Other than a certain set of authors from a particular publisher, I don’t know anyone who ever took the original principles/statements even at face value, let alone to heart, even back then.

  • http://thesatyrsthicket.blogspot.com Nicholas Farrell

    I’m sure someone here will find this interesting. It contains an excerpt from the manual.

    http://www.aren.org/documents/purplebook.pdf

  • Thekraft

    Donations for a web page? I have 2 web pages and paid for them myself. Also there are great free sites to do this. A council wants to be formed and they want donations? Don’t like it. Also why have a council? To dictate to us? Become an organised faith? I don’t live in the U.S but it is already a laughing matter outside the U.S within some of the Pagan groups.

    • Anonymous

      No only outside the US.

      • Thekraft

        No disrespect to anyone but people who are in favour of this are insecure to what they really believe in. If they need a council to help them then they are just like the others, insecure and unable to think for themselves. And why does the army have to get involved? I don’t know the U.S laws but it just seems a little silly. Where I live, the pagan/witches community is big and strong and it doesn’t need a council to speak for it. Maybe it is due to the open mindedness of the community, I don’t know but I would be very careful with something like this. Enjoy who you are now, live your faith as it should be – FREE just like it has been all these years! BB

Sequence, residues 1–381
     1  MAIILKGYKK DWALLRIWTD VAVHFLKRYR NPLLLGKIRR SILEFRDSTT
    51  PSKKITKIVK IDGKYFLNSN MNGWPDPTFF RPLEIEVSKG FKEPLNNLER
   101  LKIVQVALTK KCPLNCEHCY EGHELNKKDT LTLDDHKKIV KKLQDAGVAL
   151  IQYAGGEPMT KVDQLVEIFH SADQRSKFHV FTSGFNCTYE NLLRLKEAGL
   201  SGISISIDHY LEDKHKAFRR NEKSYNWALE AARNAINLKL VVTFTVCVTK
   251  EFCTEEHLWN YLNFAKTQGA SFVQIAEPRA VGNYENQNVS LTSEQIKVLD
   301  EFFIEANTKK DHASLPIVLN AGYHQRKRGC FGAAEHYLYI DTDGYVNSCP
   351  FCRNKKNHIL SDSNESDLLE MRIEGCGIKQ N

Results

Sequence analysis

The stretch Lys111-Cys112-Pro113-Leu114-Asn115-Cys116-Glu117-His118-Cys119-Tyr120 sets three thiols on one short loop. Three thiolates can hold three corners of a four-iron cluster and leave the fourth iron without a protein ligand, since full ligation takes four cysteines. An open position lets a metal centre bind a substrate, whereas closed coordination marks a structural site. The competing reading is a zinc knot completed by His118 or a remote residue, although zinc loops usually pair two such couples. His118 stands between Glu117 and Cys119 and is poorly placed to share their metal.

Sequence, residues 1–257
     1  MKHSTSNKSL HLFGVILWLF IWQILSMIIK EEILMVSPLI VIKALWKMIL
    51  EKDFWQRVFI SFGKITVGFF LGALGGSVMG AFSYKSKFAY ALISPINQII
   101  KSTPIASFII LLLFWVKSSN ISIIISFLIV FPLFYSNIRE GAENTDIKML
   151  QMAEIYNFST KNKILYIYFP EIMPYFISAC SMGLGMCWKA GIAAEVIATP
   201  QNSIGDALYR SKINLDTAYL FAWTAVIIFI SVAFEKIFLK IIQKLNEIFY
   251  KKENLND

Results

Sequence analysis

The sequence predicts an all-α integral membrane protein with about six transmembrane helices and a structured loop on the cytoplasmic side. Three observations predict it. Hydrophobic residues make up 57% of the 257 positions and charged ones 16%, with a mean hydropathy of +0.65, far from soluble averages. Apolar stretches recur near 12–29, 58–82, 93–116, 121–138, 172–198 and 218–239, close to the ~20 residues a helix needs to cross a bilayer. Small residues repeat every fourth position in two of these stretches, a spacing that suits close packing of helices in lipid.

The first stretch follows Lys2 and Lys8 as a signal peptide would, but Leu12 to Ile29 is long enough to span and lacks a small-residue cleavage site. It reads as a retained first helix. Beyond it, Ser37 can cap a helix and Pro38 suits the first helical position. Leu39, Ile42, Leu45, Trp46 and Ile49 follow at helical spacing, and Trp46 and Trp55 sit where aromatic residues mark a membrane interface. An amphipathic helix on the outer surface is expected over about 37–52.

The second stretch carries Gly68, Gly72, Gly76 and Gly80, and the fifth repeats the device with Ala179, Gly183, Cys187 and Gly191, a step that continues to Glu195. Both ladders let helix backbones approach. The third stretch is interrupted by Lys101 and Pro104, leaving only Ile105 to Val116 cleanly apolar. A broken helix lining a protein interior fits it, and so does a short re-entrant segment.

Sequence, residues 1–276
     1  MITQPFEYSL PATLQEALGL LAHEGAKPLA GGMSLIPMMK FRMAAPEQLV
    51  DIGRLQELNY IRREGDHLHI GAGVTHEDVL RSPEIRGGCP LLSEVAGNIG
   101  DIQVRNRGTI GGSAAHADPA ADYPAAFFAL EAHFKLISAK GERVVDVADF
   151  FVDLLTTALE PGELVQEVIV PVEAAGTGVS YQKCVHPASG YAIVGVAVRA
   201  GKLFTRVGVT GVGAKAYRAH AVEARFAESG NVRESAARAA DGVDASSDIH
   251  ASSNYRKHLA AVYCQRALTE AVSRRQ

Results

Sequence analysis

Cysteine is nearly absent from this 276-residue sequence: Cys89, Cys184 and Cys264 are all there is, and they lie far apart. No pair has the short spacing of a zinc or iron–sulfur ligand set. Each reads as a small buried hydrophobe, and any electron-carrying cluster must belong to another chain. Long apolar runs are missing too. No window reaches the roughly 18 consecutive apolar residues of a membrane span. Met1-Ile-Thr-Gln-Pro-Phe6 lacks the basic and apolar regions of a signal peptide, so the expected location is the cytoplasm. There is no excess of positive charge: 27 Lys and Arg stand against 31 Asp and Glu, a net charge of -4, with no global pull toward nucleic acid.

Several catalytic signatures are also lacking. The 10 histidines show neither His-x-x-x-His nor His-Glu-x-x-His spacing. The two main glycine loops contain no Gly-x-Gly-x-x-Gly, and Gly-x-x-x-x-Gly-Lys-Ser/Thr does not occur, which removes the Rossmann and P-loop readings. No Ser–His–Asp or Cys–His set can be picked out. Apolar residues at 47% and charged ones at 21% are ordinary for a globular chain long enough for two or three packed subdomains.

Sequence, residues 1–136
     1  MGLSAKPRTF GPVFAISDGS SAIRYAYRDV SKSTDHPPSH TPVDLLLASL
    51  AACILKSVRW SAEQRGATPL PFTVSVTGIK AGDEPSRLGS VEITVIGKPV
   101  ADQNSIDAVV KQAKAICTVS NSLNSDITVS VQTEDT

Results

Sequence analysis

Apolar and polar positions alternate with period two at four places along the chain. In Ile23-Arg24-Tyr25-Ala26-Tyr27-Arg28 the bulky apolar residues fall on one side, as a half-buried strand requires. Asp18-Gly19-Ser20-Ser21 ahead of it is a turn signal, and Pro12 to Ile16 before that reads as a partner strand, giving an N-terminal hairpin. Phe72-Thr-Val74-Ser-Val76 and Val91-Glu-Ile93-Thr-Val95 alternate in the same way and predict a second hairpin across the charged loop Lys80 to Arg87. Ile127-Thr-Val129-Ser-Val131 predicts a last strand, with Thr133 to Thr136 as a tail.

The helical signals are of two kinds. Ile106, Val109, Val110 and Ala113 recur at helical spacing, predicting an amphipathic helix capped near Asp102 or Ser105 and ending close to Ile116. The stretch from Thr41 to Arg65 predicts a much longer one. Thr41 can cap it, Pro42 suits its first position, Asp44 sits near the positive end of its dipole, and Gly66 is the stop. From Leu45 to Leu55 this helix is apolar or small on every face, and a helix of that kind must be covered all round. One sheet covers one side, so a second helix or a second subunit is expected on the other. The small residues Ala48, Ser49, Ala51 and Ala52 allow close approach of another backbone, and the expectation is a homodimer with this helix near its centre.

• Anonymous

          I’m not in disagreement with you, although in the past such organizations as Covenant of the Goddess were (and still are) useful in dealing governmental agencies and the like.

          However, there are far too many unknowns in this equation, especially considering that the Army Chaplain’s Handbook was discontinued over a decade ago, and that as yet, no specifics as to whom in which Agencies are requesting such updating. Sorry, but the way this has thus far been presented is not the way the US Government works.

          /s/ One of the several co-founders of COG in 1975, and one who had “pagan’ listed as religious preference back in 1976 while on active duty USN.

          • Thekraft

            Understand what you are saying. Well, if this does go ahead, I hope it is for the best for all the Pagan community and not just centre around “witch” as witches also form part of the Pagan umbrella. Good luck! :-)

          • http://www.magickal-media.com Alice C. “A.C.” Fisher Aldag